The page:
Inside: The best tips for using the Konmari Method to declutter the kitchen; clearing countertops, getting rid of unused items; sparking more joy in the home.
Even if you have walls and walls of closed cabinetry, the kitchen can quickly become a cluttered space. It tends to be the hub of the home and things pile up easily. But a clear kitchen is a great inspiration – whether you are making breakfasts, lunches or just like a clear and clean mind, doing a good declutter of the kitchen is a great place to start. Today, I’m sharing my best tips for How to Declutter the Kitchen with the Konmari Method.
I’ve used the Konmari Method extensively in our home. Make sure you read all about how to organize your jewelry and accessories and also check out how I organized our small linen cupboard in less than a day! Trust me, if you commit to it, this method actually works.
What is The KonMari Method?
‘Konmari’ isn’t really a word – it’s a hybrid of the name of its inventor, Marie Kondo. She is a Japanese author and organization specialist who created this specific method for decluttering homes, lives and minds. It all surrounds the concept of ‘sparking joy’. It calls on participants to gather all their belongings based on category (in this case kitchen), touch every item one by one and decide if it truly serves a higher, joyful purpose. The kitchen is a challenging space to employ the Konmari Method, because we can easily justify keeping items that are not often used. Kondo argues if we haven’t used it in recent memory, we should let it go because it’s dragging us down emotionally.
Tips for Using the Konmari Method to Declutter the Kitchen
As I mentioned above, the first thing you’ll want to do is empty every cupboard and every drawer (and any other place you keep kitchen items) into one space. Use the kitchen counter and allow the overflow to sit on the floor. It can be hard to see all your stuff piled high, but the good news is that starting this way kind of forces you to reconcile just how much clutter you have.
For example, this random pile of non-kitchen things was in my small kitchen. Clearly that makes no sense.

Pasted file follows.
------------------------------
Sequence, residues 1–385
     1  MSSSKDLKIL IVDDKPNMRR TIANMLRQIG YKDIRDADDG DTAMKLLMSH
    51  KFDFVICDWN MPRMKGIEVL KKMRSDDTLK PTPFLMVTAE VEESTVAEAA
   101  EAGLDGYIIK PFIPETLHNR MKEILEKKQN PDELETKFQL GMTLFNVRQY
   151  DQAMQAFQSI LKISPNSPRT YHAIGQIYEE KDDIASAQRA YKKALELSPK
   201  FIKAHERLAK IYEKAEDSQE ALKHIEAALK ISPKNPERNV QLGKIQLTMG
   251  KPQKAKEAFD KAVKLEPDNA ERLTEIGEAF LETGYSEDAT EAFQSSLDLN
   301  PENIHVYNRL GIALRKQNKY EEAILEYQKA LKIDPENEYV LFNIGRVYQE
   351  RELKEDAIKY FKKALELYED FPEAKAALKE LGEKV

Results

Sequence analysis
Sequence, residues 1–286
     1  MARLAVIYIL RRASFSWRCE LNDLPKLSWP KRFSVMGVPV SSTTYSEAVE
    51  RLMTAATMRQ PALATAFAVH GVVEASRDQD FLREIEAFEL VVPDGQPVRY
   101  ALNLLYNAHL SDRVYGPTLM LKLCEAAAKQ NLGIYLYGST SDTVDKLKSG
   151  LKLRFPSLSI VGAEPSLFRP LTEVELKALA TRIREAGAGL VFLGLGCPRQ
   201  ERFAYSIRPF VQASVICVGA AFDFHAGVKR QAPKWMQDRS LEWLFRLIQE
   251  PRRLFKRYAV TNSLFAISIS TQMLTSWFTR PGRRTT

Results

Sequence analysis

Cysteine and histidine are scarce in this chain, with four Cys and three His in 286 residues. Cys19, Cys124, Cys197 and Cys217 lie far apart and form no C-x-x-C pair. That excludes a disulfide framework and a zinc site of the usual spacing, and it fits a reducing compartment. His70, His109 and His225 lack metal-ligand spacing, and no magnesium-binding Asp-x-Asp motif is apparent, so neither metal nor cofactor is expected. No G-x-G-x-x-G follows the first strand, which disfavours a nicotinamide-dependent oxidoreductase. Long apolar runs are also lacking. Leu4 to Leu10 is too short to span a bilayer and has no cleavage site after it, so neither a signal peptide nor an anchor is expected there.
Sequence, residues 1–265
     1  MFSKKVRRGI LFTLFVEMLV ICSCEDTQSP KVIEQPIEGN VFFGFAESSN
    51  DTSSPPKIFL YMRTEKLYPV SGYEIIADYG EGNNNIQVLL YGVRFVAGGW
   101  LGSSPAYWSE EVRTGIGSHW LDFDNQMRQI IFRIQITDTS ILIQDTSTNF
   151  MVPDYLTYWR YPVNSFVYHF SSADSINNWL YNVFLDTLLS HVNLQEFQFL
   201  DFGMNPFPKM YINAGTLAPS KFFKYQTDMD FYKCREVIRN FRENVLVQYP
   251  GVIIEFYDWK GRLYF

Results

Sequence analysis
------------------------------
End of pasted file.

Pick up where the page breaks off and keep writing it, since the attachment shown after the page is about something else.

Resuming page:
- empty all your kitchen stuff on the floor and counters
- Sort it all based on these categories: everyday use (be honest here), used in the last six months (for example, bakeware or special platters), haven’t used in a year, not actually a kitchen thing (like the above picture)
- Place any broken items or duplicates in their own pile to be tossed or donated
- Place all ‘haven’t used in a year’ items in a donation pile
- You’ll be left with two piles – everyday use and used in the last six months.
Now it’s time to figure out the best way for you to declutter and ORGANIZE all these kitchen items!
Tips for using the Konmari Method to Organize Your Kitchen
Here is the fun part. Hopefully at this point, you have more in your toss and donation piles than you do in your keep pile. If not, don’t worry – we’ll still figure out the best ways to organize what you have. Let’s start with drawers, which can be a real challenging area to organize.
Organizing Kitchen Drawers
One of the best things to do is create drawer dividers! Keep all your everyday cutlery in one drawer, food wrap in another, specialty serving items in a third and, if you have another drawer left, reserve that one for kitchen linens. Try a rubber tray like this one for cutlery. It is easily washed and can go in the dishwasher. If you want a solution that is more custom, don’t spend a lot of money! These adjustable drawer dividers will help keep those awkward size utensils in order.
Organizing Kitchen Cabinets
Much like drawers, organizing kitchen cabinets is really just about sorting things and creating space. One way to do that is with an extra shelf that fits inside your cabinet. This will let you stack plates or platters a bit higher in your cabinet.
Another thing you can do is use the inside of your cabinet doors to hang things like measuring cups and spoons used for baking.
Tips for Using Vertical Space in a Kitchen
If you are like we are, you have a small kitchen. Ours is about 10×12 and when you add in full appliances and doorways, it doesn’t leave much room for storage. We’ve figured out how to use all the vertical storage in the room to maximize the space. Of course, this works best after you’ve gone through the Konmari method and done a complete declutter of the kitchen!
Using the space beside the fridge
We have about 8″ of dead space beside our fridge, so we built a rolling pantry to house dry goods and cans! It works amazingly well. You can see the full tutorial for the DIY rolling pantry here.
Use the space on the walls
I love my morning coffee and I have a bit of an attachment to my mugs. When I went through Konmari, I decided to keep a selection of mugs that I could proudly display. I kept all of my teal mugs and the ones that have monograms on them. And then, I made my own DIY Wall Mounted Mug Rack!
More Kitchen Decluttering Tips
Still don’t have enough? I know. Once you start on the Konmari Method, it can be really hard to stop! I have found it to be so addictive and fulfilling. You might want to check out the first phase of our kitchen renovation, how we live with our small kitchen without renovating and also our temporary solution for unused kitchen space.
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Still need more organizing and decluttering help?
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